Unprecedented clashes between Israel and Iran over Syria have sparked calls for restraint from world leaders worried about the risk of all-out war, even as both sides say they want to avoid a regional conflict.

All eyes will be on any fresh military activity Friday after Israel carried out widespread deadly raids against what it said were Iranian targets in Syria on Thursday in response to rocket fire towards its forces that it blamed on Iran.

The reported exchange of fire came after weeks of rising tensions and followed US President Donald Trump’s decision Tuesday to withdraw from the landmark 2015 Iran nuclear deal, a move Israel had long sought.

The bombardment led to calls for calm from Russia, France, Germany and Britain and the European Union, while the United States put the blame squarely on Iran and stressed Israel’s right to “self-defence”.

Germany and Britain joined the United States in denouncing the rocket fire towards the Israel-occupied Golan Heights they also said was carried out by Iran, while France reiterated its “unwavering support for Israel’s security”.

Israeli Prime Minister Benjamin Netanyahu said Iran had “crossed a red line” and that the resulting bombardment against targets in Syria “was a consequence”.

Iran’s President Hassan Rouhani told German Chancellor Angela Merkel in a telephone call that he did not want “new tensions” in the Middle East.

Rouhani did not mention Israel’s strikes in Syria, or those against the Israeli-occupied Golan Heights.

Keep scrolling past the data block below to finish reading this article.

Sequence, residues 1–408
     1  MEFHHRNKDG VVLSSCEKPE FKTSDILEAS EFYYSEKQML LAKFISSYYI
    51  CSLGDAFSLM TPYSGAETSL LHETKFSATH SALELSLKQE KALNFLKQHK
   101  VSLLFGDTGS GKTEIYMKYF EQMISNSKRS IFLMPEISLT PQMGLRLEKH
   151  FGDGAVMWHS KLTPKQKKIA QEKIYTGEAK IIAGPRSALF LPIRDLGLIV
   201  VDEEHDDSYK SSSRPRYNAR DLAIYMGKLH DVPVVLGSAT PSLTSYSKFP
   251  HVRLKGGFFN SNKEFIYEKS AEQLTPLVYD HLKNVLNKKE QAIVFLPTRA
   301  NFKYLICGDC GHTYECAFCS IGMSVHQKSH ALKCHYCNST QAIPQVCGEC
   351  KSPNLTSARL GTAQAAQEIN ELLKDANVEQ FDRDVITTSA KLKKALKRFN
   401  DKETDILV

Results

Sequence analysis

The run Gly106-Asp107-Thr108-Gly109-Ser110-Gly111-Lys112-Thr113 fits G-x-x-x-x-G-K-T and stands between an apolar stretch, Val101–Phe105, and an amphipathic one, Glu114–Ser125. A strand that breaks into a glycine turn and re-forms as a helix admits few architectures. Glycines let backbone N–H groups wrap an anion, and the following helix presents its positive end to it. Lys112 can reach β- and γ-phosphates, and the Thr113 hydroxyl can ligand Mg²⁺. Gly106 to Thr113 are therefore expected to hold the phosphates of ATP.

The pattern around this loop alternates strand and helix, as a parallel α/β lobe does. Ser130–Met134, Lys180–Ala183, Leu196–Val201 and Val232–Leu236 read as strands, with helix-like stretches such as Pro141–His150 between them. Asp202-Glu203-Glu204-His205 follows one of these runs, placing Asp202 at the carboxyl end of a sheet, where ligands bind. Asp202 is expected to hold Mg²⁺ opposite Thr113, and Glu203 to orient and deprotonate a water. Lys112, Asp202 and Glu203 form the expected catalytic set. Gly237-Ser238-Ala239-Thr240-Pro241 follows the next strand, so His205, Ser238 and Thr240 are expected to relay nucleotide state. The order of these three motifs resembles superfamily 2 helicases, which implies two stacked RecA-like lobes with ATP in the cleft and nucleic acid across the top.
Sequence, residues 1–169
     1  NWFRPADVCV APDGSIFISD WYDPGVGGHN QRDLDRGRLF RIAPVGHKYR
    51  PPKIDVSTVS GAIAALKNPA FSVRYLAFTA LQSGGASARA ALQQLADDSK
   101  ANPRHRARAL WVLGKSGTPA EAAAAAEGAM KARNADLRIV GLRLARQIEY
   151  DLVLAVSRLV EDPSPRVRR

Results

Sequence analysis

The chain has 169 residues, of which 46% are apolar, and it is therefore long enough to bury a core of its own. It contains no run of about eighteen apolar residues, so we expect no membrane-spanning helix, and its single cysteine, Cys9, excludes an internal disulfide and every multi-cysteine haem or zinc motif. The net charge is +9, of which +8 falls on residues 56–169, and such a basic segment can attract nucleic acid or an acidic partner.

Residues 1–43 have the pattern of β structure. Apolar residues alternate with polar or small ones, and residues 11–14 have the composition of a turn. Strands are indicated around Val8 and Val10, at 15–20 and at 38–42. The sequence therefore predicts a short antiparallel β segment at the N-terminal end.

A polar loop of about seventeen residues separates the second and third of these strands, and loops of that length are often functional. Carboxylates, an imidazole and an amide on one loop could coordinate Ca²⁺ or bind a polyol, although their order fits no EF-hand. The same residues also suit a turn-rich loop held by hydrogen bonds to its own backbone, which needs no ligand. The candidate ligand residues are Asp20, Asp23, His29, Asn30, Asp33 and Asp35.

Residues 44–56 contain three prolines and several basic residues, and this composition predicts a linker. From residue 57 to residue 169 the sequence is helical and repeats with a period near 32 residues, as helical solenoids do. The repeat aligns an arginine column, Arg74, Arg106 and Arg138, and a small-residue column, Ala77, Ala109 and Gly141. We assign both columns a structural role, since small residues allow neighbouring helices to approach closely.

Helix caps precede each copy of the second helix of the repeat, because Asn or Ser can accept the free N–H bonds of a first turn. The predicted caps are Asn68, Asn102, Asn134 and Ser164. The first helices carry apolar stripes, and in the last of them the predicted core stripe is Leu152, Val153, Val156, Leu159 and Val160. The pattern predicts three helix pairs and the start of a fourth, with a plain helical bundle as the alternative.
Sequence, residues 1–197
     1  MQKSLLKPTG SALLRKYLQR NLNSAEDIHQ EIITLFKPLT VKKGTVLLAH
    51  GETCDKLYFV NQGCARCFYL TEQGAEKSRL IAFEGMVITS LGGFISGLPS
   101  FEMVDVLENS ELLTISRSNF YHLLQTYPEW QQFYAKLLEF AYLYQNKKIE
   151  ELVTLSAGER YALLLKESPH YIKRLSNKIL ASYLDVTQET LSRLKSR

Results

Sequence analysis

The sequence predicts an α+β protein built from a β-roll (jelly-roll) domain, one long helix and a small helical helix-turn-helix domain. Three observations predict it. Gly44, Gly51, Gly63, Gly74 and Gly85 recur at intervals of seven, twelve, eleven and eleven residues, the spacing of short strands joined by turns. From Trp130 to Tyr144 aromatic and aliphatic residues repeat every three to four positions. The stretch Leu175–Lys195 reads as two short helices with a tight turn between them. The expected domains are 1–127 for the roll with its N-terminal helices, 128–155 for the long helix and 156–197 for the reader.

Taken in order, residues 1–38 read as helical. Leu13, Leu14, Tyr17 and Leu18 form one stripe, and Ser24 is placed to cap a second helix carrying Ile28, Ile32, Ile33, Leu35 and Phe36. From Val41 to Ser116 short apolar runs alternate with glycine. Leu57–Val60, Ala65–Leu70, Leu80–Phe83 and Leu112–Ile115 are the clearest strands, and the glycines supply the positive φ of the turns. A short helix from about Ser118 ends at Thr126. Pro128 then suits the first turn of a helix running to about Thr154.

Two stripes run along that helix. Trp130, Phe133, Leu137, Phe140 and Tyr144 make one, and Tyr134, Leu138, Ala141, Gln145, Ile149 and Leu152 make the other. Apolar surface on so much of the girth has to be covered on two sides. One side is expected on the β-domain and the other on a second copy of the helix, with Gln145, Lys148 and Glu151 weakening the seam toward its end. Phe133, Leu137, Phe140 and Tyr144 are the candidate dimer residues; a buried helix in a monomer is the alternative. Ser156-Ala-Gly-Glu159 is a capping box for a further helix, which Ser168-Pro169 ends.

But the chairman of his country’s parliamentary committee on foreign affairs, Allaeddine Boroujerdi, condemned the strikes, warning that “Israel has entered a dangerous game”.

The Israeli raids in Syria, which a monitor said killed 23 fighters, were one of its largest military operations in recent years and the biggest such assault on Iranian targets, the Israeli military said.

“We hit nearly all the Iranian infrastructure in Syria,” Defence Minister Avigdor Lieberman said. “I hope we’ve finished this episode and everyone understood.”

Israel carried out the raids after it said 20 rockets, either Fajr or Grad type, were fired from Syria at its forces in the Golan Heights at around midnight.

It blamed Iran’s Quds force, adding that Israel’s anti-missile system intercepted four while the rest did not land in its territory. There were no Israeli casualties.

If confirmed, it would be the first time Iran has sought to directly attack Israeli-controlled territory aside from an alleged attempted drone assault in February.

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